Sometimes you don’t get along with your co-workers. Other times you work in the WWE and your boss hires someone who has threatened to kill your family.
Professional wrestling is full of shady and dangerous characters throughout the years. But when you take grown adults, pump up their egos, give them more money than they’ve seen before and force them on the road, trouble is bound to follow. Thus is the history of WWE, as many, if not more, interesting stories behind the scenes than the ones thought up for the cameras.
One such character that is no stranger to controversy is Sean Waltman aka X-pac aka Syxx-Pac, aka the 1-2-3 Kid. In fact, he has gone by no fewer than 15 names in the squared circle. This is a result of his personality, failing to impress in the ring at times and being fired and hired around the wrestling scene.
Waltman was a part of the famous “Kliq” which carried heavy influence in the WWE and angered many other wrestlers. The Kliq including Shawn Michaels, Triple H, Kevin Nash, Scott Hall, Waltman. Their power forced some performers out of the company and halted many careers.
Outside the ring, Waltman eventually ended up in rehab after years of crystal meth abuse. In 2008, his girlfriend at the time, Alicia Webb, claimed to find him hanging by his neck in a failed suicide attempt. In total, Waltman has led the life of an 80s rock star that modern day WWE hopes to avoid.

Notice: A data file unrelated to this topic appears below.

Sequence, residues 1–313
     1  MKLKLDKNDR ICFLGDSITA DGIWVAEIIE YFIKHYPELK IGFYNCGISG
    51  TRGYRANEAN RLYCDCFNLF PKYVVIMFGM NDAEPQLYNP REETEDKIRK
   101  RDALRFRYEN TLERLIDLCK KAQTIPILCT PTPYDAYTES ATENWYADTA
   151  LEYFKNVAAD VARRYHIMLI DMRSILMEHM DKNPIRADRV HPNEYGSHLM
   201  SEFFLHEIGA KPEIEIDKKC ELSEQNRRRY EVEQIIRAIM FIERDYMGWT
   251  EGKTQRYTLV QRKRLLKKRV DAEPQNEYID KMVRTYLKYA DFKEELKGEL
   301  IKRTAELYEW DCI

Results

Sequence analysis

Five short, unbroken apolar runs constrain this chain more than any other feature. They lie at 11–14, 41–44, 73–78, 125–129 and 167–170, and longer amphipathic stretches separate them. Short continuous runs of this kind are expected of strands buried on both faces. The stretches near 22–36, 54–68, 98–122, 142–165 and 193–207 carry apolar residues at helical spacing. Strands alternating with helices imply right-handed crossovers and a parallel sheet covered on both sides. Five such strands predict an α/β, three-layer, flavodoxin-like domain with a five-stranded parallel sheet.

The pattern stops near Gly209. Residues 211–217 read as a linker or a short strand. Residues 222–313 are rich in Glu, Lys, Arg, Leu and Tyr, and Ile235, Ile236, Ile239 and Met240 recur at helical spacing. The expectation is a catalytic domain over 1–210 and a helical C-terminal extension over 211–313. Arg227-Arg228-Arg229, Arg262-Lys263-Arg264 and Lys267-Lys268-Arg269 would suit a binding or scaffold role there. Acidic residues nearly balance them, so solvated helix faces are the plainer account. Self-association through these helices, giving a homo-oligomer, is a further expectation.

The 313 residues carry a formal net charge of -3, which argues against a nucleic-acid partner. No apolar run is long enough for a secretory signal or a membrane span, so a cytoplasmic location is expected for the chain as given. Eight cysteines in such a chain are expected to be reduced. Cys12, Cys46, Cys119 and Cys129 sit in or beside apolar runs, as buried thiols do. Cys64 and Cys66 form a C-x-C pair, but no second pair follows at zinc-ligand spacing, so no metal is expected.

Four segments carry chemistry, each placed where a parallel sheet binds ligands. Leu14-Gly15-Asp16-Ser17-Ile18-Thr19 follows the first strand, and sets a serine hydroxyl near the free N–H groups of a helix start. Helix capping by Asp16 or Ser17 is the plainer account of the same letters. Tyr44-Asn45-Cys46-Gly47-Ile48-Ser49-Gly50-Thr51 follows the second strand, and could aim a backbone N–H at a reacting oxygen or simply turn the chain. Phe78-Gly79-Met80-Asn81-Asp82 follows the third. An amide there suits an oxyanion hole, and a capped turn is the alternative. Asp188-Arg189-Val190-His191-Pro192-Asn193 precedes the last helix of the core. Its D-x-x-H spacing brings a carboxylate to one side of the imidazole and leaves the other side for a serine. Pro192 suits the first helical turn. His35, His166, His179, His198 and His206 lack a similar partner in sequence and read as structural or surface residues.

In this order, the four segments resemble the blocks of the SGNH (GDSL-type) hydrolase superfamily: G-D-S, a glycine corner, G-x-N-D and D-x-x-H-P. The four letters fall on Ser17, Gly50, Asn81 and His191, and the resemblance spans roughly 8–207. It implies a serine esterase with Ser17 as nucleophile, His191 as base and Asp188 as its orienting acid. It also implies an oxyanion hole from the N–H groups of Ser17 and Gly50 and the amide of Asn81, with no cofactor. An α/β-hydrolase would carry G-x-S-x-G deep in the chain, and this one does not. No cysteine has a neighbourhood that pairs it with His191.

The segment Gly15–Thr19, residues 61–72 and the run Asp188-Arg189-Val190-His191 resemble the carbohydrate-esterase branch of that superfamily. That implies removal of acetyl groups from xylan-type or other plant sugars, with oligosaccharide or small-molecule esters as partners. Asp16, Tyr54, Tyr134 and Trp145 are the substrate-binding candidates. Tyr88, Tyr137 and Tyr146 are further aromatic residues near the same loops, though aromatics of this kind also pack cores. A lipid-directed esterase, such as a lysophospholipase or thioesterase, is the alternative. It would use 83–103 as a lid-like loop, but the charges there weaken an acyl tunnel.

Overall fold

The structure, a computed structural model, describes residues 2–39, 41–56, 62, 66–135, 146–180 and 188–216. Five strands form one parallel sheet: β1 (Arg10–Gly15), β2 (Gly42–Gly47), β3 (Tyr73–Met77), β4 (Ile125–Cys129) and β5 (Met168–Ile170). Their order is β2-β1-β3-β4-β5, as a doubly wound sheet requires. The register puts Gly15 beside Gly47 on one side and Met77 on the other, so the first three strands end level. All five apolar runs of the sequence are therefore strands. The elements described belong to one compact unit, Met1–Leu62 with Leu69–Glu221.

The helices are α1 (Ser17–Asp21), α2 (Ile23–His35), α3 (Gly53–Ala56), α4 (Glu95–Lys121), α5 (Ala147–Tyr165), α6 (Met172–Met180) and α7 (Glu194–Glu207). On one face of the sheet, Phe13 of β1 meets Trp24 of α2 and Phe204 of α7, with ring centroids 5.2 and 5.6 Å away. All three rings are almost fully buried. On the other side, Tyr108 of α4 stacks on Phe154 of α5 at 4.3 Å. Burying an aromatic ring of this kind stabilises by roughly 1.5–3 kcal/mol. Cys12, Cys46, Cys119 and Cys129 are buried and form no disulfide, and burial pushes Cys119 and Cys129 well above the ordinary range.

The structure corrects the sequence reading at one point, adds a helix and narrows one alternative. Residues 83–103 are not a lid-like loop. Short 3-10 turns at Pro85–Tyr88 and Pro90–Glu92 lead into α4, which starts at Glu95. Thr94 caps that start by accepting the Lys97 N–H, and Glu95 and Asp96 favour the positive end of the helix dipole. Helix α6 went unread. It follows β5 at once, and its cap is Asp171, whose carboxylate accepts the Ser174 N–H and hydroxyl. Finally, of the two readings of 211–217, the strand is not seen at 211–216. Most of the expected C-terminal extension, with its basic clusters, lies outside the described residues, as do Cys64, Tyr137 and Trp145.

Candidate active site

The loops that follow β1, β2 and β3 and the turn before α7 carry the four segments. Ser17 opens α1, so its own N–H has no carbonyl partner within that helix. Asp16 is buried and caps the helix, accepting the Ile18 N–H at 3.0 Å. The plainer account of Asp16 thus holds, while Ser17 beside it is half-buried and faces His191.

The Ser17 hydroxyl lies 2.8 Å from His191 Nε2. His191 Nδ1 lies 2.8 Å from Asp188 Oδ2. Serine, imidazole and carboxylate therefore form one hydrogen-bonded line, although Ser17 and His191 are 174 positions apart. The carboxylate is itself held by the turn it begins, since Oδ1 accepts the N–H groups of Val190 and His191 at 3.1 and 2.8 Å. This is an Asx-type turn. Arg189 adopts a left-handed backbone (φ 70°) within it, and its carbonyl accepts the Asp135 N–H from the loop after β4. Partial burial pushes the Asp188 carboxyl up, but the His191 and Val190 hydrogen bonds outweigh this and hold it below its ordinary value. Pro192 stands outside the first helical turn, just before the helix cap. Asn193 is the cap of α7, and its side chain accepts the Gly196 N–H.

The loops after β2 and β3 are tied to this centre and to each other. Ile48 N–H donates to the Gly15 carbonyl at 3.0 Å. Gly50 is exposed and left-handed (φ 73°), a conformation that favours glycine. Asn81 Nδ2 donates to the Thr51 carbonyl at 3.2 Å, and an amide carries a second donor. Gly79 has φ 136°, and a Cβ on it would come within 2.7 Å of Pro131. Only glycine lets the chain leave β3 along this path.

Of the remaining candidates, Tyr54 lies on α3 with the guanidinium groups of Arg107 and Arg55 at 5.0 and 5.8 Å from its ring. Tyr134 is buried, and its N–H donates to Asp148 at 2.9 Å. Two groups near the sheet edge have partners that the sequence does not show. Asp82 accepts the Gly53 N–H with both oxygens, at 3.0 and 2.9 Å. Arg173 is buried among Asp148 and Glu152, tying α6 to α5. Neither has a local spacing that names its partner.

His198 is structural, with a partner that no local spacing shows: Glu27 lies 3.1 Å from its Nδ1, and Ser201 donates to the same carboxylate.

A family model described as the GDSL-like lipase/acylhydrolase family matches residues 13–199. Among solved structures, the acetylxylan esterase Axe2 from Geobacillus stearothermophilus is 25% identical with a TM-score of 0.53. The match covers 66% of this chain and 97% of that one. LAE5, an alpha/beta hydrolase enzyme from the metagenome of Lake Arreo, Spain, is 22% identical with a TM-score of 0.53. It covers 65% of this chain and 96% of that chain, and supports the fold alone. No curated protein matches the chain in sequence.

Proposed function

Thus it is no surprise when he revealed that his past has included someone so angry at Waltman that he threatened to kill his family. Now, no matter what Waltman (or his friends) may have done, that crosses a line. So imagine how he felt when his ‘friend’ Vince McMahon hired the guy into WWE.
X-pac appeared on The Tomorrow Show and had several interesting quotes for host Keven Undergaro.
He [Vince McMahon] brought somebody back that threatened to kill his family.
Vince McMahon told me one time, ‘Sean it’s just business don’t take it personal.’ I said, ‘do you take your business personal Vince? Cause my business is my life. I take it very personal’
It goes without saying…it was a rhetorical question that I was asking him.
Unfortunately, Waltman doesn’t disclose who the individual was, or why it was said. There is always the risk that he could make it up for the show, but truthfully there really isn’t that much incentive for him to make it up.
You can check out the full video clip below.
In the wild world that is professional wrestling, especially through the 80s and 90s, just about anything is believable. If Waltman’s story is true and Vince knew about the claim, then that’s poor management. Or perhaps X-pac just planned to use some of that Kliq influence to scare off the new co-worker.